Gaborone Profile

Gaborone, named after Kgosi (king) Gaborone (1820-1932) chief of the Batlokwa people who had settled in the area, was known as Gaberones Village until 1965. The area was known in colonial times as Bechuanaland and came under British protection in March 1885 following pleas for assistance from Kgosi Khama III (below) of the Bamangwato people following hostilities in the area between the Shona and Ndebele tribes further flamed by the arrival of Boer settlers. The protection amounted to little more than securing the area's borders against other European incursion.

Kgosi Khama IIIToday's Botswana was then administered as the northern Bechuanaland Protectorate and the southern crown colony of British Bechuanaland. On independence British Bechuanaland was incorporated into Cape Colony in 1895 and is now part of South Africa whilst the Bechuanaland Protectorate became Botswana. It had the unenviable distinction of being the only territory in the world with its administrative centre lying outside its own boundaries being at Mafeking in South Africa.

As independence loomed it was clear a administrative capital would be required within its own boundaries, and, of the nine sites considered, the small settlement at Gaberones Village was deemed most suitable as it already housed some government offices, had a railway line for transport, was close to Pretoria in South Africa, had a major source of water ~ the Ngotwane River and, equally importantly, wasn't associated with any particular tribe. At that time the then Gaberones Village had few other buildings save for the remnants of a colonial fort used as a base to police the area, a prison and a Government Rest House.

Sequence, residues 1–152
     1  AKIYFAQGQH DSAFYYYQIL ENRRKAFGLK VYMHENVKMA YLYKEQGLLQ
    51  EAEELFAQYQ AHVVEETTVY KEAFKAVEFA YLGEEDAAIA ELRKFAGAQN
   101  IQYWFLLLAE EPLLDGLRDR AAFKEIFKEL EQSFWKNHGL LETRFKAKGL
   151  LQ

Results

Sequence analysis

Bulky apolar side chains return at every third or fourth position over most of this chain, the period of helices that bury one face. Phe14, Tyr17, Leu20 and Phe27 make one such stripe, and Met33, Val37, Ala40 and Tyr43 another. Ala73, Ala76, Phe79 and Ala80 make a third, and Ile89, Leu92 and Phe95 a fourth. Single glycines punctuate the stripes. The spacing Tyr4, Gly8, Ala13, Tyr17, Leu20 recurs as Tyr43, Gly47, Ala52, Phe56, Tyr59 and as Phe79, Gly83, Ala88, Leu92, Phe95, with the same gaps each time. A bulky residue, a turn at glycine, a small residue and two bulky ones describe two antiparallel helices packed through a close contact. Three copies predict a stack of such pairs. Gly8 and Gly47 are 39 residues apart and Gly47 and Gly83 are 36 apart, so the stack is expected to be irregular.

Gaborone DamOnce the location had been identified work on the earth core fill Gaborone Dam began in 1963 (right) securing a water source for the planned city and building of the city itself started in earnest in 1964 being largely completed within two years in time to celebrate the birth of the new nation on 30th September 1966 when the town was renamed Gaborone.

Today Gaborone, with its population of just under a quarter of a million, boasts an international airport, stadium, large shopping malls and hotels together with government, industrial and financial hubs. It also serves as a gateway to rural Africa. It achieved city status in 1986. The above video shows of the sights of Gaborone whilst the city itself can be explored using the interactive map below.



 
 
 
 
 
 

Gaborone: This file is licensed under the Creative Commons Attribution-Share Alike 3.0 Unported license

Gaborone Profile

Gaborone Profile

Gaborone Profile

Gaborone Profile

 


Volunteer

Volunteer Work Botswana

Check out all the latest African volunteer work placements and opportunities in Botswana.
More >

 
 


View Larger Map
 
 


Volunteer Work
Opportunities

African Volunteer Work Opportunities


Get Your
Free Listing!

African Volunteer Directory


Latest TEFL
Jobs in Africa

TEFL Jobs in Africa


Sponsor a Child
Botswana

Sponsor a Child